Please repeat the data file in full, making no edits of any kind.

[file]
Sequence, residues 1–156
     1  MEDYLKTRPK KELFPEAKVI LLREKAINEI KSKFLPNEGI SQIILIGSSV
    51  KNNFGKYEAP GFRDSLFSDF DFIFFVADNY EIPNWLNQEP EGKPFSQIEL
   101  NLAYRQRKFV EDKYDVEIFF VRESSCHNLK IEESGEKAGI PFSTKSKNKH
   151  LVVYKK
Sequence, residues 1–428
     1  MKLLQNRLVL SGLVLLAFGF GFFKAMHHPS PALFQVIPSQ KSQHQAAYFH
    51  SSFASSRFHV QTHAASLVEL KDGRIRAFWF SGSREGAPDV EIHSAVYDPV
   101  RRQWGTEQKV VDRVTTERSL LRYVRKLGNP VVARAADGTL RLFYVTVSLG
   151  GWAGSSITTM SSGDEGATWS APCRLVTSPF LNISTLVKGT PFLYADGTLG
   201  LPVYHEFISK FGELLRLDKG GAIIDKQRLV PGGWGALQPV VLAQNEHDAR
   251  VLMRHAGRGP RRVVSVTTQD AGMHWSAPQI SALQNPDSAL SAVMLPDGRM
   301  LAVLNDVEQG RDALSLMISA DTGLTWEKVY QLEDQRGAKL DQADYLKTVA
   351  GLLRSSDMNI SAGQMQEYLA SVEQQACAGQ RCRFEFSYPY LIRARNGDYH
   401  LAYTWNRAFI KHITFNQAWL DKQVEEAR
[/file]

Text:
Sequence, residues 1–156
     1  MEDYLKTRPK KELFPEAKVI LLREKAINEI KSKFLPNEGI SQIILIGSSV
    51  KNNFGKYEAP GFRDSLFSDF DFIFFVADNY EIPNWLNQEP EGKPFSQIEL
   101  NLAYRQRKFV EDKYDVEIFF VRESSCHNLK IEESGEKAGI PFSTKSKNKH
   151  LVVYKK
Sequence, residues 1–428
     1  MKLLQNRLVL SGLVLLAFGF GFFKAMHHPS PALFQVIPSQ KSQHQAAYFH
    51  SSFASSRFHV QTHAASLVEL KDGRIRAFWF SGSREGAPDV EIHSAVYDPV
   101  RRQWGTEQKV VDRVTTERSL LRYVRKLGNP VVARAADGTL RLFYVTVSLG
   151  GWAGSSITTM SSGDEGATWS APCRLVTSPF LNISTLVKGT PFLYADGTLG
   201  LPVYHEFISK FGELLRLDKG GAIIDKQRLV PGGWGALQPV VLAQNEHDAR
   251  VLMRHAGRGP RRVVSVTTQD AGMHWSAPQI SALQNPDSAL SAVMLPDGRM
   301  LAVLNDVEQG RDALSLMISA DTGLTWEKVY QLEDQRGAKL DQADYLKTVA
   351  GLLRSSDMNI SAGQMQEYLA SVEQQACAGQ RCRFEFSYPY LIRARNGDYH
   401  LAYTWNRAFI KHITFNQAWL DKQVEEAR